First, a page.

I ended up removing the fenders, even after spending all that time getting the front one to work. The back one was rubbing pretty bad, too, so I figured to just remove them both. Maybe I'll think about going with another solution one of these days, but for the time being I really like the way it turned out.
Here's a picture. The flash really emphasizes the reflective stripes on the Fat Frank tires.
I also took a quick video of the bike, but the quality is really horrible. I'll post it here anyways, but I'll definitely be getting another video of the bike when it's light out and not so cold.
So far I am still loving this thing. It's been great fun putting it all together. I'm actually kind of sad that I'm running out of things to do to it. I'll get some new pedals, probably find a fender solution (maybe some of those wooden ones, but in the "half" size that only goes from the top of the tire to the seat post, and I've got the cup holder on the way. But after that, there won't be much else to do to it other than maybe a new custom chain. Either way, most of it is already done.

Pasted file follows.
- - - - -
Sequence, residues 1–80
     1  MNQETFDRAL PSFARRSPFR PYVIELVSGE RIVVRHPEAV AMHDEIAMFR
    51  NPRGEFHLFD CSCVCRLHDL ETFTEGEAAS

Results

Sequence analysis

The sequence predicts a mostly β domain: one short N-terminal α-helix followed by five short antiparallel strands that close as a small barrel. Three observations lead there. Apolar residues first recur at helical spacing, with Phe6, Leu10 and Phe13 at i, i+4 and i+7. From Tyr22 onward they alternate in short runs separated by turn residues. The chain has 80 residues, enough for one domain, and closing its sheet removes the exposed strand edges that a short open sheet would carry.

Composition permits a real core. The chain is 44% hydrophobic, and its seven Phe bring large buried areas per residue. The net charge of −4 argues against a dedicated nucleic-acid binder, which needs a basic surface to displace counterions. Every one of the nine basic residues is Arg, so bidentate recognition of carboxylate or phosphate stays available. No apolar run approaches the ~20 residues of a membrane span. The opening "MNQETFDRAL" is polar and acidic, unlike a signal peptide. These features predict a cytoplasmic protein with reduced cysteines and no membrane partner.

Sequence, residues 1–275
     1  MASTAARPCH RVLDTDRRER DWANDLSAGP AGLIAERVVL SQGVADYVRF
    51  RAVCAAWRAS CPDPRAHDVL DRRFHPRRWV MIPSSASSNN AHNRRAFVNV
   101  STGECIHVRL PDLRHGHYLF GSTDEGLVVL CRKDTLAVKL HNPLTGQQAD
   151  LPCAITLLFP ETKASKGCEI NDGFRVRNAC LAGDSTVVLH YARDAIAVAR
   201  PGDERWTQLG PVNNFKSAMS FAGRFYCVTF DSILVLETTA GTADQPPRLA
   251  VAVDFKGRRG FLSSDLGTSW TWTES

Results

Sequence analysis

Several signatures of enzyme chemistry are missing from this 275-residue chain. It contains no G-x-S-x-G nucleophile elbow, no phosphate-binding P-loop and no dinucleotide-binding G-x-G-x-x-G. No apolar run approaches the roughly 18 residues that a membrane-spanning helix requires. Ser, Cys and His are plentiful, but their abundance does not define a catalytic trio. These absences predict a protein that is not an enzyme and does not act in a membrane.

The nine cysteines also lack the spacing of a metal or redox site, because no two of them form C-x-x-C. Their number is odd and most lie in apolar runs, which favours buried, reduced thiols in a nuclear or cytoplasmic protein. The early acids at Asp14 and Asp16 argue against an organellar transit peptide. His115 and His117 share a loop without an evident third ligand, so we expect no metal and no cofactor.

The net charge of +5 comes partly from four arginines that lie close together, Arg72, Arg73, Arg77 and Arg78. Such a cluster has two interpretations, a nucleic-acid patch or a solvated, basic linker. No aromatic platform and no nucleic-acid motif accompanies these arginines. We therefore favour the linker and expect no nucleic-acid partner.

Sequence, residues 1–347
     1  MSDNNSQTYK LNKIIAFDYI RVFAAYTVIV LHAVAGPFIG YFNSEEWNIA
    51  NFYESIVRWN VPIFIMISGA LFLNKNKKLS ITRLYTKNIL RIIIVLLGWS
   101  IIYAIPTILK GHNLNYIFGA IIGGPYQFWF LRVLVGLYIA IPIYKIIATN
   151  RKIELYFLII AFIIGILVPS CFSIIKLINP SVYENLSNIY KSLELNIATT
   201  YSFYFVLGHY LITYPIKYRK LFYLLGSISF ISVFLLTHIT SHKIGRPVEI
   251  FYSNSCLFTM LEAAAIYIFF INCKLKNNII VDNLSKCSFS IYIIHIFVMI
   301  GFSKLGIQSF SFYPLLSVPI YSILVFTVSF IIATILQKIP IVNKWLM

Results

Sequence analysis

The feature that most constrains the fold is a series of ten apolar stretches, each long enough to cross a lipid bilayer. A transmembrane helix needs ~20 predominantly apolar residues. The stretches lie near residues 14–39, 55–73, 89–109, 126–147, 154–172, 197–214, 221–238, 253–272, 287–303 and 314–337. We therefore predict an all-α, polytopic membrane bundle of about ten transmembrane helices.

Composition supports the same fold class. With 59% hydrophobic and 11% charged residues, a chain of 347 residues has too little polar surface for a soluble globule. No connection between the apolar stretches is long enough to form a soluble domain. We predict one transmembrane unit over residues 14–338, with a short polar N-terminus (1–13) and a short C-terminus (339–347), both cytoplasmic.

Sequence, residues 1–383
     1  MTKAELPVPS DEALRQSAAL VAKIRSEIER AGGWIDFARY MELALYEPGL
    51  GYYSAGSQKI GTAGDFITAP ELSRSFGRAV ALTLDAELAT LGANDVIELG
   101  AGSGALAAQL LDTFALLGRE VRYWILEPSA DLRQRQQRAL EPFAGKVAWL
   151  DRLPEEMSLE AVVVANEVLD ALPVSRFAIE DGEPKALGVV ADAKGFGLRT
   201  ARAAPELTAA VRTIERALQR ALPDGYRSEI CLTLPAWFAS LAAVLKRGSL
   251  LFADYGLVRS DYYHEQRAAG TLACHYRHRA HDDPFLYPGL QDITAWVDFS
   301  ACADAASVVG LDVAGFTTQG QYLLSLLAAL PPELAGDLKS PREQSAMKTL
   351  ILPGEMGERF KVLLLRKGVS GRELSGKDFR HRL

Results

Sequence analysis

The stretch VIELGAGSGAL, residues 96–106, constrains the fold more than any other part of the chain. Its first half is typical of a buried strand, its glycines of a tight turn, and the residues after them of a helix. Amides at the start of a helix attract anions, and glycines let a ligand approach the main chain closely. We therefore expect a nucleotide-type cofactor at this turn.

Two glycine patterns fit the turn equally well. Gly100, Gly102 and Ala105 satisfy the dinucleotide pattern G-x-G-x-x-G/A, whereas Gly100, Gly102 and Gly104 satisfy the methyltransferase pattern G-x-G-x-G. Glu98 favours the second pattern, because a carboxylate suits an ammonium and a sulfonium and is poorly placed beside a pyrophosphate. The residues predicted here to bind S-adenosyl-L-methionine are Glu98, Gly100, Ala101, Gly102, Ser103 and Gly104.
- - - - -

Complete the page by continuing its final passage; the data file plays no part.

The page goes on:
One thing I learned, though...doing this is easy, fun, and quite a bit less expensive that working on motorcycles. It's also easy to drag a bicycle into the basement to work on it indoors when the weather isn't cooperating. Try doing that with a motorcycle. So what does all of this mean?? Maybe I will start building something different after I'm completely done with this one. I'm pretty sure I'm going to be selling the Bianche road bike this summer, so maybe I'll put a lowered/stretched beach cruiser in it's place in the garage. I also have an old three speed woman's bicycle in the shed that could probably be a great place to start working on another Beach Cruiser. Either way, it was great fun and not a ton of money...so maybe I'll do one, but maybe I won't.
I've always wanted a Beach Cruiser...and now I've got a proper one.